It is imperative to understand just how far sheer, unrelenting force can take a record. Irk have crafted this idea into a phenomenal creation that craves your attention and rewards you tenfold.
Hailing from Leeds, UK, Irk are a self-titled noise rock band. Understandably vague at first glance, an initial listen tells you everything you need to know. Violent and brash, yet stable and grounded, Irk have found their sound and ran with it. Starting with Bread and Honey in 2014, they showed, even then, an incredibly addictive style that exudes energy and passion. Following this with a split EP with Wren, they began to further hone their craft. Three years of experimentation and crafting later, Recipes From The Bible is released, and man oh man was it worth the wait.
One of the driving elements of this album is its diversity. There are so few tracks that sound alike, yet none are too different to not fit with the record as a whole. They are chaotic, for sure, yet not so tumultuous that it sounds like random noise. There is intent behind their songs, even the crazier ones such as “Spectre at the Fiesta”. The grungy production brings more of an edge to their sound, reminiscent of 90s bands such as Alice In Chains or Nirvana, but with much more turbulent force.
The introductory songs to this album, “I Bleed Horses” and “Life Changing Porno”, exemplify the chaotic nature of this album. “I Bleed Horses” gives you but a moment to prepare yourself for the onslaught of power that is to come with this song and the rest of the record. “Life Changing Porno” continues this trend by never letting up on the energy being emanated. These songs also show a more mathcore sound to them as well, but do not allow themselves to be defined by it. The entirety of the record tries its best not to be characterized by anything except for being an Irk creation.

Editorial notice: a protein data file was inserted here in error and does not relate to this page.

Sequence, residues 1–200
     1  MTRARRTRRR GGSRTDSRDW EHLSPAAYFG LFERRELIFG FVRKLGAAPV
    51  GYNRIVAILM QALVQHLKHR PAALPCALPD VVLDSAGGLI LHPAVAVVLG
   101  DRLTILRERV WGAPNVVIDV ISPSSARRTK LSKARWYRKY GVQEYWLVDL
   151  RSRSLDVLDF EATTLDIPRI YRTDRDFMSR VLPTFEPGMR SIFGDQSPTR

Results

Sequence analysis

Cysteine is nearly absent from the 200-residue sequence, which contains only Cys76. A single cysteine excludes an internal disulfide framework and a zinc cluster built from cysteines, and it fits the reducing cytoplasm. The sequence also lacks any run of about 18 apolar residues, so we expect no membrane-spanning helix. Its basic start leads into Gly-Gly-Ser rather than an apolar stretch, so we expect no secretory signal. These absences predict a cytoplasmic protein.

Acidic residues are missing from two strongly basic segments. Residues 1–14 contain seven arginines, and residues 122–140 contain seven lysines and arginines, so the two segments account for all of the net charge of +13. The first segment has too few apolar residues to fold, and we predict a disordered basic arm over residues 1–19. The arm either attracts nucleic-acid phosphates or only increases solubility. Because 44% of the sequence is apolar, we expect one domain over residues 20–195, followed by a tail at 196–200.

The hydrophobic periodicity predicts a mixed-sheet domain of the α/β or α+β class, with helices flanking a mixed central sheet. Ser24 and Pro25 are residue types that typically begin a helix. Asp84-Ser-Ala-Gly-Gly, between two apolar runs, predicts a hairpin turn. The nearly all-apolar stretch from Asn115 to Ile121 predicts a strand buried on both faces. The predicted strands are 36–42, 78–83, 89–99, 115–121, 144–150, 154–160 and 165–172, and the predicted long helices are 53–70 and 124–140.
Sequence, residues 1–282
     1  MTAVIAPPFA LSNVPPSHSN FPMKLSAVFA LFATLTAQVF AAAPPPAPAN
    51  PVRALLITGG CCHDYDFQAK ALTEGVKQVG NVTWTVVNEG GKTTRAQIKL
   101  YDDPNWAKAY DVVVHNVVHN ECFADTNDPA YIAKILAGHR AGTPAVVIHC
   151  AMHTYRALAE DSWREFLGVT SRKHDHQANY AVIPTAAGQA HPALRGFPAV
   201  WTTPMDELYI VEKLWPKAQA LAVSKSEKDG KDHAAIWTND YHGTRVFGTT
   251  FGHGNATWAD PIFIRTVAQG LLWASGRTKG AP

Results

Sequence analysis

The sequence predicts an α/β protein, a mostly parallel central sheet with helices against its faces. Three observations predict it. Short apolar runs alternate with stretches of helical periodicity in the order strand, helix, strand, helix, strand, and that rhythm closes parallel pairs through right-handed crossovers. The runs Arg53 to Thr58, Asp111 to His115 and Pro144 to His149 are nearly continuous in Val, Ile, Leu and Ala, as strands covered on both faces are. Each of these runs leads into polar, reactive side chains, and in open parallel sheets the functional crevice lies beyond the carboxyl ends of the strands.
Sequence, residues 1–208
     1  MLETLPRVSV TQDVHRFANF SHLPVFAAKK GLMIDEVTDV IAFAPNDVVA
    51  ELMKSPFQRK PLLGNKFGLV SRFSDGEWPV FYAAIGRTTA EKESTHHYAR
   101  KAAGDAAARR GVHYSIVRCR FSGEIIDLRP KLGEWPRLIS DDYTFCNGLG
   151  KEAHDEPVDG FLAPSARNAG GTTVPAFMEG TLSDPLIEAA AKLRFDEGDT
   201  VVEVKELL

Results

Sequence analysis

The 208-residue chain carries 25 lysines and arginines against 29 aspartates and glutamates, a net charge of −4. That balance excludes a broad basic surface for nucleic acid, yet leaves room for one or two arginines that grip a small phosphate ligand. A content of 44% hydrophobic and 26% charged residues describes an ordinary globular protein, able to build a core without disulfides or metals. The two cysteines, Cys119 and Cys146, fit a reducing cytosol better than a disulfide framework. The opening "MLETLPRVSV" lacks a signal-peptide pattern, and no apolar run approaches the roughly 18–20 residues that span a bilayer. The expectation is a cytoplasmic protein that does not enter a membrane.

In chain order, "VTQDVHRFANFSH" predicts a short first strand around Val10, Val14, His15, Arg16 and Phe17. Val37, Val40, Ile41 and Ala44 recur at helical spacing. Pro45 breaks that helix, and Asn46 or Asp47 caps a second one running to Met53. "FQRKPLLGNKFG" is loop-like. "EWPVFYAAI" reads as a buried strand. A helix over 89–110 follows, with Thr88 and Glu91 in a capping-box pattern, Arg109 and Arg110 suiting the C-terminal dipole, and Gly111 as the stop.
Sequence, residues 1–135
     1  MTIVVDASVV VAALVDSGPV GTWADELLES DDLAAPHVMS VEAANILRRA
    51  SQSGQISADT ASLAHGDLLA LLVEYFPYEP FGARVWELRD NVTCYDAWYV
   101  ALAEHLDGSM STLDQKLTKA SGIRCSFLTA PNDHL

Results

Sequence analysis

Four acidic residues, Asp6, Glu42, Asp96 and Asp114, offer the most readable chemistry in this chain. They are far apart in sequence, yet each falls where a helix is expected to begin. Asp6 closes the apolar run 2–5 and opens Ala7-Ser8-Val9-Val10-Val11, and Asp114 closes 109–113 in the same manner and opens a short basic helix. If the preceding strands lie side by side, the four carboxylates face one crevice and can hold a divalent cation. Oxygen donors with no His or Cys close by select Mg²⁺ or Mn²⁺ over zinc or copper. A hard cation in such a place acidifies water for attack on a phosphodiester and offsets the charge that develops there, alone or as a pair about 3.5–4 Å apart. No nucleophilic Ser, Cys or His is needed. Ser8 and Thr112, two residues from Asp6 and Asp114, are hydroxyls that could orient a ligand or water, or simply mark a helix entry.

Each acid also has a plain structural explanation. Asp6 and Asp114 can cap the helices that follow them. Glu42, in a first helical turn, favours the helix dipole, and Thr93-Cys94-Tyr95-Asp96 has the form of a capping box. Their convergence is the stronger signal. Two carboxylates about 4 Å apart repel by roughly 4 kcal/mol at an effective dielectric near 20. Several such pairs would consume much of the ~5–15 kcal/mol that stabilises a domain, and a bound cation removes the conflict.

There are some incredibly inventive parts to this album as well that help keep it fresh as you listen to it. Groovier songs “The Healer” and “Insect Worship” demand your head to bob along with it. Driving bass lines help push the momentum further along. Even though they may be most ‘straight forward’ tracks on the album, that is not to say that they are simple or lack the strength that has been held by the songs around them. They help create a sort of reprieve before kicking right back into the chaos. “Cibo Per Gattini” and “You’re My Germ” implement a saxophone section, which took me by complete surprise and really helped these songs stand out among the rest.
I do want to take a quick moment to really point out the ending song “Pounds per Square Inch”. Probably the least chaotic track on the record; I fully believe that is the intent so that they vocals and the lyrics can take center stage for the listener. The despondent outlook portrayed really stands out as it begs for an interpersonal look at ourselves. I highly suggest you read the lyrics and see what your interpretation is.
As the years have gone by, Irk have only grown into their style more and more. While still not afraid to down and dirty with the frantic sounds, Recipes From The Bible has shown them at their most mature without completely foregoing their core foundation. It seems that no matter what they release, they are having fun with what they are doing, and can anyone really hold that against them?